|Coming soon to the Vatican?|
While Francis is preaching simplicity of life and evangelical poverty, both by word and example, his previous Cardinal Secretary of State is constructing his own 'Trump Towers' right next door to the hostel where the Pope lives.
By the year 800 the Pope and the Holy Roman emperor were so allied with one another that Charlemagne came to Rome to be crowned by him in St Peter's. But it was Charlemagne who was calling the shots. By then what Judith Herrin calls the "purely Latin and clerical culture of the West" [ref], of which Gregory VII had been the harbinger, was so deeply established that it had overthrown the legacy of the Upper Room at Pentecost.
If I insulted Cardinals like that I'd expect to come in from some pretty shart criticism. I'm not a particular partizan of Cardinal Bertone, but there are ways of making one's point. Loftus is not giving us a good example of how to obey Canon 212 sec. 3, which tells us that the laity have
"the right and even at times the duty to manifest to the sacred pastors their opinion on matters which pertain to the good of the Church and to make their opinion known to the rest of the Christian faithful, without prejudice to the integrity of faith and morals, with reverence toward their pastors, and attentive to common advantage and the dignity of persons."
But then again if I were Cardinal Bertone I wouldn't be too worried. Loftus reveals himself to be a man who thinks that Pope Gregory VII (1073-1085) was the harbinger of a situation well-established in the year 800. How did he manage that, Basil? With a time-machine? Or does he not know what 'harbinger' means?
Oh and it's pretty nonsensical to call Charlemagne a Holy Roman Emperor (that formula came into use many centuries later), but utterly nonsensical to call him that before his coronation.
Oh and - but never mind. Let's just say that Loftus' grip on history is as impressive as his grip on theology.
Just for fun, here's some pomp, in honour of a friend of another Pope Gregory, the Great, namely St Augustine of Canterbury.
|Bishop Schneider at St Augustine's, Ramsgate|
"Loftus reveals himself to be a man who thinks that Pope Gregory VII (1073-1085) was the harbinger of a situation well-established in the year 800."ReplyDelete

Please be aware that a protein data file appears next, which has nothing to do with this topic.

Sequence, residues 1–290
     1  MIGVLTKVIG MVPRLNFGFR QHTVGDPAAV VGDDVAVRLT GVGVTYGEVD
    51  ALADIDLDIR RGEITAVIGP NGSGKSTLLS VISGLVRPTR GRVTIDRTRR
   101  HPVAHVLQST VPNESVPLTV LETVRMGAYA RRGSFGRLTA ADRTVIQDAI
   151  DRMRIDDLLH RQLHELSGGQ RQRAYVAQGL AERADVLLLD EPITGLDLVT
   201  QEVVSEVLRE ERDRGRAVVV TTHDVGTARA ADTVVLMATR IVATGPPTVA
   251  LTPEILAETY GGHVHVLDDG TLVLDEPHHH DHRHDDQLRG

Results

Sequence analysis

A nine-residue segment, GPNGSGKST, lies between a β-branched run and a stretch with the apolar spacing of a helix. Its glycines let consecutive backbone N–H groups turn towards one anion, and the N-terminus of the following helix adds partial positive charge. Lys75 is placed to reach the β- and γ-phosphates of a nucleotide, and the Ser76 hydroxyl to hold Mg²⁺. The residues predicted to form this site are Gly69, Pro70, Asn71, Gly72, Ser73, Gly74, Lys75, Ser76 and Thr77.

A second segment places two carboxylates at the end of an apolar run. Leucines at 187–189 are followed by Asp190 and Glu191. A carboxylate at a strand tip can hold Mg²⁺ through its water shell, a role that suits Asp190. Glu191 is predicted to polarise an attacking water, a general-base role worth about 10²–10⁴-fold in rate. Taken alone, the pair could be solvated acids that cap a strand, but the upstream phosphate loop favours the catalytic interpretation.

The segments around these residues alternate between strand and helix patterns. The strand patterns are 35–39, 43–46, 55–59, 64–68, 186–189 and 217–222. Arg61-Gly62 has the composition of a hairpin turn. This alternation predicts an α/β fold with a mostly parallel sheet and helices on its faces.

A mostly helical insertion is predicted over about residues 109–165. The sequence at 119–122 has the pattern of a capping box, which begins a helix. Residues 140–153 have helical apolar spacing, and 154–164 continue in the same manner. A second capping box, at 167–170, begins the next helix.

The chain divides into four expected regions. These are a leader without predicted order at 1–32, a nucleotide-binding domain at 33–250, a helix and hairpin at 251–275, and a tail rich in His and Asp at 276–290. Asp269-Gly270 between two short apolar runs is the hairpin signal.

Perhaps he meant Gregory I (d. 604). Or Gregory Rasputin. With Msgr Loftus it is, alas, sometimes hard to tell what he means - beyond the fact that he's now making boilerplate Protestant attacks on the Catholic Church's history and claims.
I suppose that's possible. But I had thought that Loftus had in mind Gregory VII's assertion of Papal prerogatives. It's not clear that Gregory the Great would make his point.ReplyDelete
Joking aside, my guess is that where Msgr Loftus erred was not in which Pope he was talking about, but in which descriptor he meant to use to describe Gregory VII. It would make some sense if the sentence were fixed to replace "harbinger" like so: "By then what Judith Herrin calls the "purely Latin and clerical culture of the West" [ref], of which Gregory VII was the consummation..." Or something like that. Of course, even so, Innocent III (generally seen as the apex of the medieval Church) would probably be a better embodiment for that sort of thing than Gregory VII.ReplyDelete
Poor Hildebrand. Tossed on the trash heap along with pretty much all Church history between 312 and 1962 as a rude, bigoted embarrassment by enlightened folk like Msgr Loftus. It must be a strange experience being a Catholic who is constantly embarrassed, apologetic and even hostile about most of what it has ever meant to be Catholic.
Yes I'd expect the target to be Innocent III; Loftus attacked Innocent III in a previous column.Delete
Indeed, poor Hildebrand. If any Pope has suffered for sticking to the principles of justice and charity it was him. 'I loved justice and hated iniquity, and therefore I die in exile' - his last words, I was told as school.